In the very first scene, Alex O’Loughlin’s (AOL) character is in a wheelchair, a patient at the Tripler Army Medical Center, in Honolulu. As he sits in the hospital chapel, he hears a pew creak and looks around to see the image of a man about 70 years old. The two converse and discover that both were policemen. The older man does not reveal details about his days in law enforcement, nor does he react when AOL’s character tells him that he works for Five-0.

The older man reveals that his wife of 45 years is having surgery for cancer, and the two men discuss love. When AOL’s character asks what it means that he hasn’t been able to hold onto the woman he loves, the older man tells him that he hasn’t found the right woman.

And, then, after a completely unrelated story airs, the ending credits roll, and we see that the older man was supposed to have been Jack Lord:

Jack Lord (voice) . . . . . . . . . . . . . . . . Cam Clarke

Jack Lord (body double) . . . . . . . . . . Ken Matepi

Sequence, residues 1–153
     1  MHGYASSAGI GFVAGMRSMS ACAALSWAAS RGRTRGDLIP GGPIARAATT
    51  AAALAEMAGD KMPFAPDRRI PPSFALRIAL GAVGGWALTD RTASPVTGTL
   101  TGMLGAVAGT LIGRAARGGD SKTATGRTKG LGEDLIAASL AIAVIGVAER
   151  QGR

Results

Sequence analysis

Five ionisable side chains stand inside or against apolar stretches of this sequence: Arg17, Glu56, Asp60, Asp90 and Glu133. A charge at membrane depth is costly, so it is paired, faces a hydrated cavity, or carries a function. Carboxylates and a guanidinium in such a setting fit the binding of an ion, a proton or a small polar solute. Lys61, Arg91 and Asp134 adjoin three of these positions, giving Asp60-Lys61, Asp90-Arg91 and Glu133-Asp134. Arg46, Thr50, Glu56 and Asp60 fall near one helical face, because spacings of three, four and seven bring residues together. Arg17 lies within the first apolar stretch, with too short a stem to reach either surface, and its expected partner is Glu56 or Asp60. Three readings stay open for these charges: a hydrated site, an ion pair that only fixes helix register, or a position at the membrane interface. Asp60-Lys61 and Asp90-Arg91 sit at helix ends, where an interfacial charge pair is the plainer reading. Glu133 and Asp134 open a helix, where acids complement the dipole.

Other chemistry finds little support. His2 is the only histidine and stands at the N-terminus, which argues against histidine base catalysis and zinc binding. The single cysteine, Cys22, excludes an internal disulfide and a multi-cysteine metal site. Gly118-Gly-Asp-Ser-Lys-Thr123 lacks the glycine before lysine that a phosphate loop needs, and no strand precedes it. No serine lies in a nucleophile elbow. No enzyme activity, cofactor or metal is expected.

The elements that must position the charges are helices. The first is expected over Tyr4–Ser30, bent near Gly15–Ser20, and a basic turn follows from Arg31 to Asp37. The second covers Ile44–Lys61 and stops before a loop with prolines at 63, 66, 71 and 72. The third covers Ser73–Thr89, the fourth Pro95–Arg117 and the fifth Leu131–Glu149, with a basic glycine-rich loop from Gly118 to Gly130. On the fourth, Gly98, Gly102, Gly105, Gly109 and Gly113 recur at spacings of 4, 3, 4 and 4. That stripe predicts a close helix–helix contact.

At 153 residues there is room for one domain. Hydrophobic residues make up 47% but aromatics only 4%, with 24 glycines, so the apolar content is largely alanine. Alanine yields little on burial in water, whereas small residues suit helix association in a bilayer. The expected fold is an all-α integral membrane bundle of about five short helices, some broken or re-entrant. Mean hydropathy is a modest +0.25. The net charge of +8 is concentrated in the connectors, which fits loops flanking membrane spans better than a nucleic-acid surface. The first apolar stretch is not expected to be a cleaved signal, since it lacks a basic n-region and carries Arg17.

The older man was supposed to have been Jack? Are you serious? Although the computer graphics interface image bore a certain resemblance to Jack, the voice was nothing at all like Jack’s voice. Most importantly, why would the suits even want to do this? The storyline of the episode did not call for Jack’s appearance.

Nor was the scenario realistic. Marie did not have cancer. Jack did not outlive Marie. Even if she had been ill, Marie probably would not have been treated at Tripler. Remember, in those days, merchant mariners did not receive veterans benefits. She would have been treated at a civilian hospital – at the Queen’s Medical Center, perhaps.

It has been written that the suits received permission to use Jack’s name and persona from the trust officer who manages Jack’s estate. I find this very difficult to believe. I’m no trust officer, but if I were, I seriously doubt whether I would grant permission to do such a thing as create a computerized image of my client to be shown on entertainment television.